- “Be relaxed. Think about relaxing your face and trying to convey that to the camera. And, consider botulinum toxin treatment (e.g. botox or dysport). They’ve been shown to not only relax wrinkles, but to actually improve your mood and help you to feel more relaxed and confident. That emotional change will show in your photos.”
Now, there’s nothing inherently wrong with providing tips on how to look better in photos; I’ll honestly say I might use the one about looking up at the camera because ok, yes, I wanna look good in my selfies, too! Amanda Chatel over at The Gloss did a funny post about how to take good selfies just the other day, if you want to pop over there; If I were looking for tips on taking selfies, though, that’s the kind of resource I’d probably look at, too, not ones from a “world-renowned facial plastic surgeon.” (I’d freaking LOVE to see the selfies of Dr. Spiegel, though!) As you can see, the little plug for a cosmetic procedure doesn’t even actually come until the very end. Sam and Elizabeth think the cheek-pinching tip is really weird (“Pain>blush?” Sam said), but maybe since I grew up watching Gone With The Wind, I don’t have as much of a problem with that one, I don’t know. I learned some of my beauty behaviors from Scarlett O’Hara, I guess, which is clearly an ENTIRELY different post.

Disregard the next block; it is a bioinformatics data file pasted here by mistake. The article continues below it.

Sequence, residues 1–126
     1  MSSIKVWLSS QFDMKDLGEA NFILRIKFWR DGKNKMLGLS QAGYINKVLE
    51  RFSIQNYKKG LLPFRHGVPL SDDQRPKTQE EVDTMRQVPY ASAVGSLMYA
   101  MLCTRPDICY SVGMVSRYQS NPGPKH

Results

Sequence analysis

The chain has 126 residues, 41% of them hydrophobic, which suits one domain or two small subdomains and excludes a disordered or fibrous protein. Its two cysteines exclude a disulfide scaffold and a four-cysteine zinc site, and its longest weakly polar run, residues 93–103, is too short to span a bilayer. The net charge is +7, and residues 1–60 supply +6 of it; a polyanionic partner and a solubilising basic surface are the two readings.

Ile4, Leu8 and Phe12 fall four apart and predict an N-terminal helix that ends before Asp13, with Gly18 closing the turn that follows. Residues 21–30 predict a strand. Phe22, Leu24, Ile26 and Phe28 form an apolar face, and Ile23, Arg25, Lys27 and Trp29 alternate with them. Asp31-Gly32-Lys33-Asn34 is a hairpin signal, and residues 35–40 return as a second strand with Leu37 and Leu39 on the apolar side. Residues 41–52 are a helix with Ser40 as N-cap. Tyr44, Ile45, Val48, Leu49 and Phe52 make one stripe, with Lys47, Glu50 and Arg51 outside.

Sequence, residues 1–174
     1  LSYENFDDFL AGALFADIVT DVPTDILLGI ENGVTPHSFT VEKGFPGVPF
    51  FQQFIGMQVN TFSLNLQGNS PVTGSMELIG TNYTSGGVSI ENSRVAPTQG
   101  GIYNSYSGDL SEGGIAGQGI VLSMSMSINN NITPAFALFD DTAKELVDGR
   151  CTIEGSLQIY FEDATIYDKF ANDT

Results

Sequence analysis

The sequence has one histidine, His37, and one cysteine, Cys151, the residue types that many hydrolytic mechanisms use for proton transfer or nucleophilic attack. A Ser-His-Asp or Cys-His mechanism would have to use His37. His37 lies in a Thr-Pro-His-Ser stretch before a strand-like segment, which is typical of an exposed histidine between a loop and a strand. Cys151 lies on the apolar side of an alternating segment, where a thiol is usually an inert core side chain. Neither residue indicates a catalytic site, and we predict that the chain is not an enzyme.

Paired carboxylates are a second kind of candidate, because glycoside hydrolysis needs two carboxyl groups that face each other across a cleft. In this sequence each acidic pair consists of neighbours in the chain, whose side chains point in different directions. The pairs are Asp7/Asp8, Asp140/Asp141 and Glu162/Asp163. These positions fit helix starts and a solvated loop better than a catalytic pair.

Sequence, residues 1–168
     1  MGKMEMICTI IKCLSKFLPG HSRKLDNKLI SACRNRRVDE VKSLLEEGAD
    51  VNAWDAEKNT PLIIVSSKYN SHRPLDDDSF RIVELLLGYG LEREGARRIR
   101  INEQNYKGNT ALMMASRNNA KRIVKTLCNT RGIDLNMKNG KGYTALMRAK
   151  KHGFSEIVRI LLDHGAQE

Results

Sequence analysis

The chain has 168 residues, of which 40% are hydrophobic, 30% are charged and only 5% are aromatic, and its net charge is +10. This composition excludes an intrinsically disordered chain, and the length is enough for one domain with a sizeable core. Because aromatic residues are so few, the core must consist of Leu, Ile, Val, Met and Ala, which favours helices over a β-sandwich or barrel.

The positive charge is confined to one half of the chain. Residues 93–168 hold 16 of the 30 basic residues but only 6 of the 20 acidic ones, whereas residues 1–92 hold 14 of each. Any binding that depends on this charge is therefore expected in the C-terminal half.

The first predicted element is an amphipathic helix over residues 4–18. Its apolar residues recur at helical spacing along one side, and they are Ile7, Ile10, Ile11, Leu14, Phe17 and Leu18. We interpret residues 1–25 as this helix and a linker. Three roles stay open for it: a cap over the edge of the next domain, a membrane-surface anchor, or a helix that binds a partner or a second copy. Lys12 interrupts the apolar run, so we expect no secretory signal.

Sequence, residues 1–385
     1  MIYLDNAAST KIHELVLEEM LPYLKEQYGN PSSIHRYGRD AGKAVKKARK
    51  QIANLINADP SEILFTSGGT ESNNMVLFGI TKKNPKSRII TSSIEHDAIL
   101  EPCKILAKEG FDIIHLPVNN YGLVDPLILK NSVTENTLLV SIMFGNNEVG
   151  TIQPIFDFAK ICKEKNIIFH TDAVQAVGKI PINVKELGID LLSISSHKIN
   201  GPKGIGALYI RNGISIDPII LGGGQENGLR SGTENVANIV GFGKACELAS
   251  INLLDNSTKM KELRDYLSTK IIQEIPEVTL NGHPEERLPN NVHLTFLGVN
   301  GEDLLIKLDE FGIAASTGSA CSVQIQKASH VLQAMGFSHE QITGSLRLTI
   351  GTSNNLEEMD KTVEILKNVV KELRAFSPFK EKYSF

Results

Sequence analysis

But tell me the fact that I even get emails like this one isn’t just weird. And bullshit. And sad. And indicative of how fucked up it is that we live in a world in which there are multiple industries that depend and thrive on making women feel bad about they way they look. There’s people sitting in offices right now, brainstorming angles for PR pitches to writers like me, thinking up marketing campaigns that capitalize on people’s insecurities. Selfies, fun, casual pictures teenage girls once took in their bedrooms for their MySpace profiles, or quick snapshots to show off a new lipstick or a fun hairstyle to your friends on Facebook and Instagram, are now a way for an industry to capitalize, to criticize, to push procedures and products women do not need and do not want.
I’m sure a bunch of y’all will comment and tell me I’m overreacting to this particular pitch. Go right ahead. I started writing this post and didn’t quite know what I wanted to say. And I’m not sure what I ended up saying, either, other than I get a lot of weird emails that make me constantly think about what it “means” to be a woman in this world, how my and others’ ideas of ourselves, our bodies and our hair and our skin and our nails and yes, especially our faces, are constantly being manipulated and commodified. It scares me and it makes me angry and I want to talk about it. Because I can talk about it. Because I have the platform to do so, because, as a writer for a woman’s health and wellness blog, I have the power and privilege to choose which kinds of messages I want to disseminate.
Maybe that’s enough. Maybe it’s enough to just call out the idiocy and inanity of a pitch like this one more time, even though I feel like I call out this type of drivel every damn day. But if I and all the other, often smarter and more critical, female bloggers and writers that engage with this rhetoric don’t, who will? But no, seriously. Who the fuck will?
Photos: The Blisstree staff’s own